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Living and the dead


The mysterious death of Khalid Mujahid in UP is a template for all that is wrong in the war against terror.Puja Awasthi reports
PUJA AWASTHI | Issue Dated: June 9, 2013, New Delhi
Tags : Khalid Mujahid | Samajwadi Party | Brij Lal | Vikram Singh | Chiranjeev Nath Sinha | Intelligence Bureau | Public Interest Litigation | BJP | |

In death, Khalid Mujahid has a voice louder than the living. A voice, spoken in many tongues, that is threatening to shout down the Samajwadi Party government which finds itself in a bind over his custodial death. In the state which tops the ignoble list of such deaths, the tragedy of Mujahid (see box), a madarsa teacher from Jaunpur, 250 kilometre from the state’s capital Lucknow, is not just another statistic but a template for all that is wrong in the war against terror.

The FIR filed by Mujahid’s uncle Zaheer Alam Falahi names two former DGPs- Brij Lal and Vikram Singh (in addition to Manoj Kumar Jha,Chiranjeev Nath Sinha and S Anand) and the Intelligence Bureau as accused in a conspiracy to kill Mujahid. Vikram Singh who was the state’s DGP in 2007, stands by the arrests. “We broke the back of the terrorists. UP has been quiet ever since. We are on a high moral and legal ground”, he says.

Yet human rights organisations believe that if the case were to be investigated impartially, a proverbial can of worms would open. By logical extension, all the arrests that happened only on ‘leads’ provided by Mujahid and Tariq Qazmi would also be under a scanner, as would police claims of successfully working out terror cases.

Rajeev Yadav, spokesperson of the Rihai Manch-a forum for the release of Muslims jailed on terror charges says,“This is not an investigation into one case. It raises policy questions- why is the Intelligence Bureau doing what it is? Under what pressures is it working?”

Outwardly the government shows no signs of being perturbed. But the overtures are telling—an offer of security to Mohd Shoaib and Randhir Singh Suman (respective lawyers for Qazmi and Mujahid) and Rajeev Yadav, and a compensation for Mujahid’s family. The security cover was refused and the compensation turned down. The latter is also being challenged by a Public Interest Litigation (PIL) which argues that since Mujahid is still a terrorist in the government’s records, his family must deserve what comes its way. “These are just ploys to silence us”, says Shoaib. The government’s measures have come in fits, as it seems desperate to be seen doing something, doing anything for an important vote bank. While there is no word from the CBI on the inquiry, a committee of the Home Secretary and the ADG Power Corporation is also probing the incident as is the chief judicial magistrate of Faizabad.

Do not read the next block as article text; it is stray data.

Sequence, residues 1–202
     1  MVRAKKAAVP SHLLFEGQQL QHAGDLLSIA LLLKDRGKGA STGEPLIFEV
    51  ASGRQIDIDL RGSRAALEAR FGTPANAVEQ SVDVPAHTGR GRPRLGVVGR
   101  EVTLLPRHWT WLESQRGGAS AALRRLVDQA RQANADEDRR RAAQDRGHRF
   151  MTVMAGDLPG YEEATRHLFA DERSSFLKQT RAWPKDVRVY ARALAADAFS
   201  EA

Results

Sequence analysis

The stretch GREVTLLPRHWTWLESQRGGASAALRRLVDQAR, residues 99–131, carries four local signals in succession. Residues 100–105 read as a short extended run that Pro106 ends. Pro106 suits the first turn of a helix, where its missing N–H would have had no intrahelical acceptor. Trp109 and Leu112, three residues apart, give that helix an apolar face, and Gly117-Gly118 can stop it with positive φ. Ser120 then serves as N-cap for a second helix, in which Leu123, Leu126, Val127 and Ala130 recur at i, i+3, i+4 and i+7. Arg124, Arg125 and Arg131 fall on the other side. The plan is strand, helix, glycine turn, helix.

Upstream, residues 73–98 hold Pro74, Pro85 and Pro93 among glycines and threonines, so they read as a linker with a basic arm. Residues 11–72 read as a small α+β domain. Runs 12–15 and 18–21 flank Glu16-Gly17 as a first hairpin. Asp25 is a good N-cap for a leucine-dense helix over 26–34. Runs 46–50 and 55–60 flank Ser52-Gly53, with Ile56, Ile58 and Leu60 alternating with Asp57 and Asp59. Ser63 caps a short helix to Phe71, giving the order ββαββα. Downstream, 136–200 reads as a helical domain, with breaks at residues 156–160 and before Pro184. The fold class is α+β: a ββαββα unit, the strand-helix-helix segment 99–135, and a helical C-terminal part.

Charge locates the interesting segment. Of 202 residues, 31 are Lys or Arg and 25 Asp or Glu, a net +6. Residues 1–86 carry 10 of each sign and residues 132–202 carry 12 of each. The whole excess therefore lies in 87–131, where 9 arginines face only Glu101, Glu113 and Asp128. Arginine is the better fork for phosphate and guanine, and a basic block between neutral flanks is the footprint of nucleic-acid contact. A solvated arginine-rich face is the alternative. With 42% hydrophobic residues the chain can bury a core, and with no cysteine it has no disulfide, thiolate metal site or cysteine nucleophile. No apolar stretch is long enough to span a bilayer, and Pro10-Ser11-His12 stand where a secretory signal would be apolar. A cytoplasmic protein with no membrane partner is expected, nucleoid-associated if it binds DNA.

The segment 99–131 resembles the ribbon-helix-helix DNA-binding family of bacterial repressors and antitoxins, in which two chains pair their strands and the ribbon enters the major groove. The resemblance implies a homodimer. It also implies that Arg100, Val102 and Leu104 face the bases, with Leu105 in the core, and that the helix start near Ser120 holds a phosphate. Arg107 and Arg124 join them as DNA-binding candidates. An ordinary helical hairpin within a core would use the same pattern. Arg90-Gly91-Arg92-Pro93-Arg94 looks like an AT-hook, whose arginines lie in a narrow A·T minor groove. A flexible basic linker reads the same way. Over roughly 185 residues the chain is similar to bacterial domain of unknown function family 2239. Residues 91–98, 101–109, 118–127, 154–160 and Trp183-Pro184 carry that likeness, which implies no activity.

Yet suspicions keep growing. “The government’s intentions were always doubtful. The half measures for Khalid's release ensured that he became a threat to the police. He would have been a prime witness in investigations into his arrest. How could they have let him live?” asks Falahi. The ‘half measures’ he speaks of, include the holding back of the Nimesh Commission report. That report is a key document in shedding light on the role of the police in the arrests. As half substantiated leaks flow out, Mujahid has acquired the tag ‘shaheed’ and a motley group of self servers are being drawn to it. Among them, Maulana Bukhari who has demanded that an independent agency, not the CBI, conduct the inquiry and an employment offer figure in the compensation package being offered to the family. Some emotion was also sought to be whipped by mentions of Mujahid’s deeply anguished widow who in fact does not exist. The BJP has piped in with a promise to side with the suspended police officials, not specifying what it would do, while another PIL has been filed to seek quashing of the suspensions as they had happened arbitrarily.

The only undisputed fact in this maze is that the fight against terror is flawed. Take the case of Walliulah Obaid Qazmi sentenced to 10 years in jail in 2009 for the Varanasi bomb blasts of 2006. Qazmi was convicted under the Unlawful Activities (Prevention) Act but let off from the more serious charges of waging war against the state, criminal conspiracy and sedition. The debate on whether he got away lightly because of sloppy investigation or paid for a crime he did not commit, has not ceased. As such debates grow so does the possibility of political manipulations and public discontent. There is an obvious need for diligent investigations, fair trials and following the due process of law in the cases of those accused of terror acts- wrongly or rightly. Till those measures are in place, the dead will continue to haunt the world of the living.

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Issue Dated: Feb 5, 2017